Kanngiesser, Patricia; Gjersoe, Nathalia and Hood, Bruce, M.
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|DOI (Digital Object Identifier) Link:||https://doi.org/10.1177/0956797610380701|
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Recognizing property ownership is of critical importance in social interactions, but little is known about how and when this attribute emerges. We investigated whether preschool children and adults believe that ownership of one person’s property is transferred to a second person following the second person’s investment of creative labor in that property. In our study, an experimenter and a participant borrowed modeling-clay objects from each other to mold into new objects. Participants were more likely to transfer ownership to the second individual after he or she invested creative labor in the object than after any other manipulations (holding the object, making small changes to it). This effect was significantly stronger in preschool children than in adults. Duration of manipulation had no effect on property-ownership transfer. Changes in the object’s identity acted only as a secondary cue for children. We conclude that ownership is transferred after an investment of creative labor and that determining property ownership may be an intuitive process that emerges in early childhood.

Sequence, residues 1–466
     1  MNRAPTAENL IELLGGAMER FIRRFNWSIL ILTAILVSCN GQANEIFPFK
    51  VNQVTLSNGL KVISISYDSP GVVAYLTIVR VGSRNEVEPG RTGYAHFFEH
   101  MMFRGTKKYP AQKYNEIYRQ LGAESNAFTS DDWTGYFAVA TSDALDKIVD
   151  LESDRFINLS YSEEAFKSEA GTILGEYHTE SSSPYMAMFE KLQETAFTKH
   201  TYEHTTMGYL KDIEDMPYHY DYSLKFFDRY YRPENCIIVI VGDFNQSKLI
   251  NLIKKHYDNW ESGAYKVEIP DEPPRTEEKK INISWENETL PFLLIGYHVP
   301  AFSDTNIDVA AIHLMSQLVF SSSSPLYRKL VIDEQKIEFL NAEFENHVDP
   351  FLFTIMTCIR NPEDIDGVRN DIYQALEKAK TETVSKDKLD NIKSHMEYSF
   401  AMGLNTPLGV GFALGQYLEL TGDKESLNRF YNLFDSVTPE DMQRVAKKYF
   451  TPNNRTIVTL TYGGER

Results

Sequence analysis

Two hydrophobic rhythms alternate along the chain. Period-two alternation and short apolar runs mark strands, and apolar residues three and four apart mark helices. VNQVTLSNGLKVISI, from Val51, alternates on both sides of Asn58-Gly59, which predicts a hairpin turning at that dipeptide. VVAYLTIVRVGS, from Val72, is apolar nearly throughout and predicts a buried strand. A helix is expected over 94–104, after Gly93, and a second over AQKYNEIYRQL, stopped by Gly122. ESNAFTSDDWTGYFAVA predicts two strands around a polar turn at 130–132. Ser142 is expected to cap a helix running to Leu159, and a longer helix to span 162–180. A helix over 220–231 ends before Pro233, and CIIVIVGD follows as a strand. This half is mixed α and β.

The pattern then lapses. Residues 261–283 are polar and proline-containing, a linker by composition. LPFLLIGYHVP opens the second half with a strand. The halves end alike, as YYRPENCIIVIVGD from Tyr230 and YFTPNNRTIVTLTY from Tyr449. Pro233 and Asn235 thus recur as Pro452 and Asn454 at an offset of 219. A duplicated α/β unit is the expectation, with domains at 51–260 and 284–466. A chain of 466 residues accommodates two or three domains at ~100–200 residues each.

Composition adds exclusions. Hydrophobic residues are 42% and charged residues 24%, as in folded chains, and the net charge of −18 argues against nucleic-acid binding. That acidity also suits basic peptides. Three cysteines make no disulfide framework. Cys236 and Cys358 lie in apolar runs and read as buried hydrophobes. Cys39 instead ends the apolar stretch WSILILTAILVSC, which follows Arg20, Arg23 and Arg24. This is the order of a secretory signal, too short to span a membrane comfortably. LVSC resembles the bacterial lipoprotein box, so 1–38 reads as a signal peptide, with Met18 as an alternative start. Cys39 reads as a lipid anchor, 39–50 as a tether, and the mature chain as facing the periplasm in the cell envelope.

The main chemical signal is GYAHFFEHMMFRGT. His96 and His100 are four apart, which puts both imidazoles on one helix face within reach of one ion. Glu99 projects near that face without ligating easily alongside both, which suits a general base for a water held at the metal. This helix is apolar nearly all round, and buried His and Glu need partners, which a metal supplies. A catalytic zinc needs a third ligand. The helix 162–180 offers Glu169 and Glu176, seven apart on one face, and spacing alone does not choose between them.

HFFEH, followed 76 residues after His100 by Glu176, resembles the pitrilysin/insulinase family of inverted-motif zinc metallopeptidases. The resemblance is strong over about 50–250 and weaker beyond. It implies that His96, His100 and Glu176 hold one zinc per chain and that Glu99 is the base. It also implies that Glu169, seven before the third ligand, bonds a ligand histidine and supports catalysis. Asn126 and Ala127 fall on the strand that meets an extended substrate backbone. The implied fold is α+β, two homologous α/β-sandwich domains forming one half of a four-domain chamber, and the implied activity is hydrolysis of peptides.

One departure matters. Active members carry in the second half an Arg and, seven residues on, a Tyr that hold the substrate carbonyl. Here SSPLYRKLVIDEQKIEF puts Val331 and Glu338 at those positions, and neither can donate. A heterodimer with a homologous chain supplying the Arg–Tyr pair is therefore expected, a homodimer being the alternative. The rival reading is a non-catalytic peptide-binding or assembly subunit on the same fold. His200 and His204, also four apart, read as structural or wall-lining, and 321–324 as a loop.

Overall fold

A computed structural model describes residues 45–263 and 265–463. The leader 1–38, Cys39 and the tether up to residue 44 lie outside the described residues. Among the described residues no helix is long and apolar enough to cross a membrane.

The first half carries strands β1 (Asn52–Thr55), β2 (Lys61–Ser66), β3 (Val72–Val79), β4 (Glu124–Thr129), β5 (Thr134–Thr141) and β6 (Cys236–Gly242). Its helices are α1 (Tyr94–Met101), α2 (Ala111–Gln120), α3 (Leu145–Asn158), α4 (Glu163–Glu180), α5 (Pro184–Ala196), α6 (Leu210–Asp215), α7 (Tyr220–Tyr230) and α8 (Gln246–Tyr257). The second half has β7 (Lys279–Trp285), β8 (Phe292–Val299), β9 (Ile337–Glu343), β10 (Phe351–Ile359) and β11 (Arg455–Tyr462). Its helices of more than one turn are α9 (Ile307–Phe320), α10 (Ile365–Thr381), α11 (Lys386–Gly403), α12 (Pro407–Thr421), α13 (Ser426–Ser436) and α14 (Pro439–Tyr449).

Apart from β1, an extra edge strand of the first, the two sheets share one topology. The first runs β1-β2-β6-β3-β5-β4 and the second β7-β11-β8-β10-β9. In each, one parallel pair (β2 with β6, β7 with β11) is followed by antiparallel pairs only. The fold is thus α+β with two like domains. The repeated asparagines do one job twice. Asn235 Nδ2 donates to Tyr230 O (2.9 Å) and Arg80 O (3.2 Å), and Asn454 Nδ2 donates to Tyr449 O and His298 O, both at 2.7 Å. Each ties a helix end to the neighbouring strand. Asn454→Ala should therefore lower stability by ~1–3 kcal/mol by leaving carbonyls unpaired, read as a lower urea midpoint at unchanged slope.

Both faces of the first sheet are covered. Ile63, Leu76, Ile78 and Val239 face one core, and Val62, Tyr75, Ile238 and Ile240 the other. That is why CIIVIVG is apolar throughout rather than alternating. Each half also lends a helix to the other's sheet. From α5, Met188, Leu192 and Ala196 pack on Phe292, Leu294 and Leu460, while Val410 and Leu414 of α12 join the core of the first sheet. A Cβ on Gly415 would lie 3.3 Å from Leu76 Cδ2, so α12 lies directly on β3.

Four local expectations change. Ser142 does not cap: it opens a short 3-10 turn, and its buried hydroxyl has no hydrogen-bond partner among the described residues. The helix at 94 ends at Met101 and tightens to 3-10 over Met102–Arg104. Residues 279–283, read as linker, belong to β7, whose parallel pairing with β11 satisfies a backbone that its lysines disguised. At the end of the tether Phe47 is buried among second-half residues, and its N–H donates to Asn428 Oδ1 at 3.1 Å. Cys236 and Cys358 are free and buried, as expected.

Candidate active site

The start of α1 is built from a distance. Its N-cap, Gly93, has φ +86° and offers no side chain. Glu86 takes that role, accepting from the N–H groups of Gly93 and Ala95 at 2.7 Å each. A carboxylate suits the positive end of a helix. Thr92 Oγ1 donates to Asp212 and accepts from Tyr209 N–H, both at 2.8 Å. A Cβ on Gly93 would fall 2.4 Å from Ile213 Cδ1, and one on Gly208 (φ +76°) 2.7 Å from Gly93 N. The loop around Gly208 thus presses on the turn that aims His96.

|Item Type:||Journal Article|
|Copyright Holders:||2010 The Author(s)|
|Keywords:||property; ownership; possession; creative labour; social cognition; cognitive development|
|Academic Unit/Department:||Faculty of Wellbeing, Education and Language Studies (WELS)|
|Interdisciplinary Research Centre:||Centre for Research in Education and Educational Technology (CREET)
|Depositing User:||Nathalia Gjersoe|
|Date Deposited:||01 Nov 2012 15:59|
|Last Modified:||19 Oct 2016 12:33|
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